Commercial radiocarbon dating
At Umm Al Quwain an interesting site was discovered and partly excavated on the island of Akab, opposite the building of the Diwan.
This site yielded a large quantity of dugong (sea cow) bones that lead the excavators to interpret the site as being a butchery site for this marine animal.
These are located along the coastline which extends for about 600 kilometers between Ras Al Khaimah and Sila.
Mounds like these, though on a smaller scale, are also known along the UAE stretch of coastline on the Gulf of Oman, e.g. Other Neolithic sites on the Arabian Gulf coastline include Hamriyah in Sharjah and Al Medar in Umm Al Quwain.
This date, as well as other archaeological finds from the site including a remarkably complete Ubaid pottery vessel, indicates that the Emirates have at least seven thousand five hundred years of history.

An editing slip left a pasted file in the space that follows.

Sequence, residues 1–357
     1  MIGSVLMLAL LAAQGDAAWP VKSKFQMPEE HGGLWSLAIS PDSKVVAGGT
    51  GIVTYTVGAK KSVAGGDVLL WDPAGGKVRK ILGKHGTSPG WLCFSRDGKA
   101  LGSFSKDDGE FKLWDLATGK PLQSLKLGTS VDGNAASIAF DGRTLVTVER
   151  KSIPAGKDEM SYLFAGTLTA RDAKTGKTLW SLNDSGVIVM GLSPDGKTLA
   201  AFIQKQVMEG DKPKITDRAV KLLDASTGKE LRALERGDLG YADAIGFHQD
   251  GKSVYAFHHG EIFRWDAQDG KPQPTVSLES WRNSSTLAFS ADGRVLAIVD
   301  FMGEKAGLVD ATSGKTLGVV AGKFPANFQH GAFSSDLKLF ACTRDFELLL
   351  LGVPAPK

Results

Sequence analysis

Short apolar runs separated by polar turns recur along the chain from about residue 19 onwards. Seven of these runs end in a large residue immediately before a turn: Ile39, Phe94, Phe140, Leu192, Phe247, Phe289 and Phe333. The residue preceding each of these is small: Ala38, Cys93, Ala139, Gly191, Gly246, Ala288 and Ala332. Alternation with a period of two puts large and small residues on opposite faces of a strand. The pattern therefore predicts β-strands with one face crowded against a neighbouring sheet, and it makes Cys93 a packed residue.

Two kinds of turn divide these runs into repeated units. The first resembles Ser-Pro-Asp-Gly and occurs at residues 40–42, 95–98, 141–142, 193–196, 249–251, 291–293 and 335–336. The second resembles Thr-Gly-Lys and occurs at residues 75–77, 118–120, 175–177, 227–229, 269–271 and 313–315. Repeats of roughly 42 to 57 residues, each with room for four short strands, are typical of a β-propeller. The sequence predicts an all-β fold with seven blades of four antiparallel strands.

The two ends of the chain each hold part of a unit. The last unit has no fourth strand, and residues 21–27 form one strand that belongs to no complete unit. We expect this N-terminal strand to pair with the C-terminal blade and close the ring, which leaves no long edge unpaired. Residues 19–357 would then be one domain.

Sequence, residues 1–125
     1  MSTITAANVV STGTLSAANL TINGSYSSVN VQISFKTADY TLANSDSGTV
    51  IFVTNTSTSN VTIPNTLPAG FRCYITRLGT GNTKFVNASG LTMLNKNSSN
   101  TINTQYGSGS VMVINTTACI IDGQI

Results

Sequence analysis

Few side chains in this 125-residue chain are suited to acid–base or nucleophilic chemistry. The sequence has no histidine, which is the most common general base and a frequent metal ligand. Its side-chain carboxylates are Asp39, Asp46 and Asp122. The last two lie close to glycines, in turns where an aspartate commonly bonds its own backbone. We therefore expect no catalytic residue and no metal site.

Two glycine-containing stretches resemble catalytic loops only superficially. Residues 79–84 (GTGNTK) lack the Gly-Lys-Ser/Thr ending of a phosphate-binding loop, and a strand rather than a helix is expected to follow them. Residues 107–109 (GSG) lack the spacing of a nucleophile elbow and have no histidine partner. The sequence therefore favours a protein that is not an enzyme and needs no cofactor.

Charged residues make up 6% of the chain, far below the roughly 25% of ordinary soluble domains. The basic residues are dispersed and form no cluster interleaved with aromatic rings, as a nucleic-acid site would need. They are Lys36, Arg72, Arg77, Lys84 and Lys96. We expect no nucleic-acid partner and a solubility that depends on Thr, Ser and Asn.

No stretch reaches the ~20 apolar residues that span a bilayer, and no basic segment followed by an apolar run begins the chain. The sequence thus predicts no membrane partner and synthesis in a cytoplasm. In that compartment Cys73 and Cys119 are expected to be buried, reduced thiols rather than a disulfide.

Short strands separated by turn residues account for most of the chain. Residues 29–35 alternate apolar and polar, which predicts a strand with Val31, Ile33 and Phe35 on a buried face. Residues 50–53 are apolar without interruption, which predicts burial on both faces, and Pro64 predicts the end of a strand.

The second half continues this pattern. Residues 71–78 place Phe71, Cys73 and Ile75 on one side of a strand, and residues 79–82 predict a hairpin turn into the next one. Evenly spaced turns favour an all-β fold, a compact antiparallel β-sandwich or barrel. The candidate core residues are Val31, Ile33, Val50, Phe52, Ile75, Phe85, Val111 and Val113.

On the islands and close to the coasts they were largely fishermen and hunters, only small scale husbandry being carried out, whereas inland they mostly practiced a nomadic lifestyle with their domestic herds.
The remains left behind of these communities, which lived on some of the islands of Abu Dhabi as well as in the interior oases, are stone tools dominated by arrowheads, scrapers, knives and borers.
Houses like these were still in use some decades ago.
Discoveries made at Dalma include stone arte- facts and beads in addition to fragments of Ubaid pottery imported from Mesopotamia some seven thousand years ago.